By MATTHEW HALL
Capital News Service
LANSING – State workers and environmental groups will use a federal grant to help get the Kirtland’s warbler off the list of endangered species.
The $171,000 grant will go toward a range of activities in Northeast Michigan, including the planting of two million jack pine seedlings, which are the only habitat the bird can nest in.
“The Kirtland’s warbler is probably North America’s rarest songbird, and we’re really fortunate here in Northeast Michigan to have the type of forest system that this rare species depends upon,” said Abigail Ertel, the Kirtland’s warbler coordinator at Huron Pines, a Gaylord-based nonprofit conservation group that received the grant.
The money is just the latest development in the nearly 40-year-long effort to bring the bird back from the brink of extinction, she said.
Michigan’s northern forests contain about 98 percent of the species’ population during breeding season, according to Daniel Kennedy, an endangered species coordinator for the Department of Natural Resources.
The tiny, yellow-breasted songbird lives mainly within a band across the northern portion of the Lower Peninsula, with some in the nearby Upper Pennisula, and spends its winters in the Bahamas.
But conserving the Kirtland’s warbler has proven a unique challenge because it requires young jack pines to survive. The pines evolved along with frequent natural wildfires that clear whole swaths of land for young trees to grow.
In the early 1900s, government agencies began to put out natural wildfires and warblers declined drastically as a result, said Philip Huber, a Cadillac-based U.S. Forest Service biologist at the Huron-Manistee National Forests. “We have slightly over 2,000 pairs of breeding adults that were counted this past June, which is a remarkably high number compared to only an average of 200 counted in the 1970s and early 80s.”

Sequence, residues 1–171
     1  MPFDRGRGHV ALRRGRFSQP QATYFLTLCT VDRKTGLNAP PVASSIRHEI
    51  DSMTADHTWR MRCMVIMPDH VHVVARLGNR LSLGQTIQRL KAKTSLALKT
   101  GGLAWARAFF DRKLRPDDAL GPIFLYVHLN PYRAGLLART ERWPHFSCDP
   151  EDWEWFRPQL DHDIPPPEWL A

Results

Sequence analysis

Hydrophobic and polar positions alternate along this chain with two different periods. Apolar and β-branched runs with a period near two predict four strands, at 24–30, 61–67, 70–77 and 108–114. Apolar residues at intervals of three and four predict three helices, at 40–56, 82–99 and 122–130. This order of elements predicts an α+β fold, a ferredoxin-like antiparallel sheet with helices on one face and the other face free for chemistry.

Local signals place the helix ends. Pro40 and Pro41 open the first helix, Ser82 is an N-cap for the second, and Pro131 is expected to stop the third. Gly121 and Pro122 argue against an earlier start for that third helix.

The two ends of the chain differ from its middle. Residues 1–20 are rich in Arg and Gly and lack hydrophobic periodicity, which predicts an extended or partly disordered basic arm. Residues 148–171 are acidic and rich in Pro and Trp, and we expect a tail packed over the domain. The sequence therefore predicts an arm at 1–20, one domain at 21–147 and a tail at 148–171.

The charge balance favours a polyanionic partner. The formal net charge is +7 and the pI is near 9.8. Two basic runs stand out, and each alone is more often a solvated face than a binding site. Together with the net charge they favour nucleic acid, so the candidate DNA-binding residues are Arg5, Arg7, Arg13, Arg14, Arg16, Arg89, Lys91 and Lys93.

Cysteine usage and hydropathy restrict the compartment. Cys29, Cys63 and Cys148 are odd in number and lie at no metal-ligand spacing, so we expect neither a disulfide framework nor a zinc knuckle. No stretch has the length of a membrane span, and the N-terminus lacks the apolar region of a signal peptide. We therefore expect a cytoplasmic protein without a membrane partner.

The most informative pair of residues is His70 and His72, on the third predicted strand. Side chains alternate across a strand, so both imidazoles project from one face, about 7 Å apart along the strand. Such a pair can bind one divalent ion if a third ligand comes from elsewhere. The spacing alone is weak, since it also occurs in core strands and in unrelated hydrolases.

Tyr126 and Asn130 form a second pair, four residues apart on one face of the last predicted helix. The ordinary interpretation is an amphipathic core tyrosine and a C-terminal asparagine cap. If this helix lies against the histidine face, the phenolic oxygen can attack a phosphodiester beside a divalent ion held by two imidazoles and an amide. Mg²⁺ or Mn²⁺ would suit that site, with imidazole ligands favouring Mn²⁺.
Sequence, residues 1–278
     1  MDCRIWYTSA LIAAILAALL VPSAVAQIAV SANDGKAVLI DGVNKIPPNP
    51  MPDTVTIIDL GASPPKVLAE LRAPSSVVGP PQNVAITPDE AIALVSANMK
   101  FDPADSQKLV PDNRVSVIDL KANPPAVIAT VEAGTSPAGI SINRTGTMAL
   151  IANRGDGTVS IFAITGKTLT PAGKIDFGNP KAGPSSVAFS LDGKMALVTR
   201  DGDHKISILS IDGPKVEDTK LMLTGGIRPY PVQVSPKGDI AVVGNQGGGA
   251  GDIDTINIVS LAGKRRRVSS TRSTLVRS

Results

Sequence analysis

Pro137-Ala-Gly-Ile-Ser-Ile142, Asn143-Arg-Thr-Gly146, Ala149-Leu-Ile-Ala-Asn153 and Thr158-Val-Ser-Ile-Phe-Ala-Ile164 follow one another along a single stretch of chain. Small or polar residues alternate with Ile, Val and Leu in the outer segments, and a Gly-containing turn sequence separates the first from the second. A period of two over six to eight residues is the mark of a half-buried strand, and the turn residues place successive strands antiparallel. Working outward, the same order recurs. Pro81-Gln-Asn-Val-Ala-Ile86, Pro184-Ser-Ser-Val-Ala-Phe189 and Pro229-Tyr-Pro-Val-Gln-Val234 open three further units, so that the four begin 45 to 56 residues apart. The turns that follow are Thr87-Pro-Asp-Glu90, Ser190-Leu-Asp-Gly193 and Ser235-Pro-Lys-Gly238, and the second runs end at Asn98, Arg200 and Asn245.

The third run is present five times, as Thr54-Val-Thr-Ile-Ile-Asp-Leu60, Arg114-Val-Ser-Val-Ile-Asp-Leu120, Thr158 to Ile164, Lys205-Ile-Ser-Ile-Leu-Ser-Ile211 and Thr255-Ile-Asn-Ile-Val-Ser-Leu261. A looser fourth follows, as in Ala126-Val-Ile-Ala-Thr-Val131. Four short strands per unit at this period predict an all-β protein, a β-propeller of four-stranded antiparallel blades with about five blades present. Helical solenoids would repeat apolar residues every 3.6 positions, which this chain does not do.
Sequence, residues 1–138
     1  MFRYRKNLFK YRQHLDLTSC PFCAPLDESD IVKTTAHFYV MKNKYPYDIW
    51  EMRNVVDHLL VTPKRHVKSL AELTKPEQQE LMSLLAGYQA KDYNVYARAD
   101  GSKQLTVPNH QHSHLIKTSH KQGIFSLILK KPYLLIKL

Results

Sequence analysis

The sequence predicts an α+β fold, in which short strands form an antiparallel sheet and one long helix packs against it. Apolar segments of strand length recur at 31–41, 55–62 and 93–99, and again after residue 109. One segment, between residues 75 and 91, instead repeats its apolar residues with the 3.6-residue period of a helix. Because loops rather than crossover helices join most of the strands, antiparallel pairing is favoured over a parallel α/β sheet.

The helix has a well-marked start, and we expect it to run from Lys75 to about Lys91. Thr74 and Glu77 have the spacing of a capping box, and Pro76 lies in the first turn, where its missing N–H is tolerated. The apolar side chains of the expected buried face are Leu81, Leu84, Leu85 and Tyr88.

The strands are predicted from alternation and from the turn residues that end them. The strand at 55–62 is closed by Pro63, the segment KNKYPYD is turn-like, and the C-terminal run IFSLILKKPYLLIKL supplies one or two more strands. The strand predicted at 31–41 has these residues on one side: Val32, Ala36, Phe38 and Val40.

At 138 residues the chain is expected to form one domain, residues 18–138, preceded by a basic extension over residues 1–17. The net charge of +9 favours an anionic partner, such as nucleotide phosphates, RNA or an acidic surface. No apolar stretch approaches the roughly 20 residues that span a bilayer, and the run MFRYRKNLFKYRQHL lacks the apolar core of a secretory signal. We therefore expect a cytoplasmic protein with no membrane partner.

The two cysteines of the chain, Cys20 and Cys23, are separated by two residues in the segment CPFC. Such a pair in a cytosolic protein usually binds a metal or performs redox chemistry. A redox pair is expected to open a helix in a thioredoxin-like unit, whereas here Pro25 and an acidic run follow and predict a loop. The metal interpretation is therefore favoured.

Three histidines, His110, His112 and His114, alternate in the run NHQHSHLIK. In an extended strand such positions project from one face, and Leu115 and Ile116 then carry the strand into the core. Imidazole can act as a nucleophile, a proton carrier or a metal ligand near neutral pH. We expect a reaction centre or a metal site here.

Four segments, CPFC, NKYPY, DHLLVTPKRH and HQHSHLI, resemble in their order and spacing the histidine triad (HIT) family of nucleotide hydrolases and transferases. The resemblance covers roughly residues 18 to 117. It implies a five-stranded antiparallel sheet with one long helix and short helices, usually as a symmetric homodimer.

The comeback has been so remarkable that the possibility of taking it off the federal endangered species list is within sight.
“Folk are really excited about this next step,” Ertel said. “It’s not going to happen overnight, it’s not going to happen in the next year or two, because these pieces need to be in place,” but it’s on the horizon.
Species are taken off the endangered list when it’s determined that the threats of extinction no longer exist, such as habitat loss, disease, predation or threats from humans.
The grant is a big step toward that goal, according to conservationists. In addition to the state planting millions of trees, Huron Pines will lead educational efforts and reach out to private landowners and communities about managing the warbler’s habitat on their lands.
The nonprofit group is also helping to form the Kirtland’s Warbler Alliance to preserve the species if it comes off the list because significant challenges to survival will remain, if not increase.
“Two thousand pairs of birds is still a pretty low number,” said Huber, the biologist. Because they’re so uniquely adapted to this habitat, they depend heavily on human intervention for survival and may not sustain themselves after having a large population like other endangered species.
Part of the grant will go to the Michigan Audubon Society for outreach efforts, such as flyers, brochures and an educational kiosk at Hartwick Pines State Park in Grayling. The society offers guided tours to see the warbler and attracts tourists from all 50 states and around the world.
“This is one of the rarest warblers, and birders who like to keep lists of the birds that they’ve seen – they need that Kirtland’s warbler,” said Wendy Tatar, a program coordinator with the society. “So they come from all over to see this little guy,” some from as far as Japan.
“It’s a moneymaker for Michigan.”
Efforts such as these help ensure the warbler remains a part of Michigan for a long time, say the bird’s enthusiasts.
It would be a tragedy to lose them, Huber said. “It’s an awfully beautiful bird. It has a bright yellow breast and a dark gray back and just a wonderful, loud, boisterous song.
“It’s a delight to see.”
The grant was provided by the U.S. Fish and Wildlife Foundation through the Great Lakes Restoration Initiative, a federal conservation fund.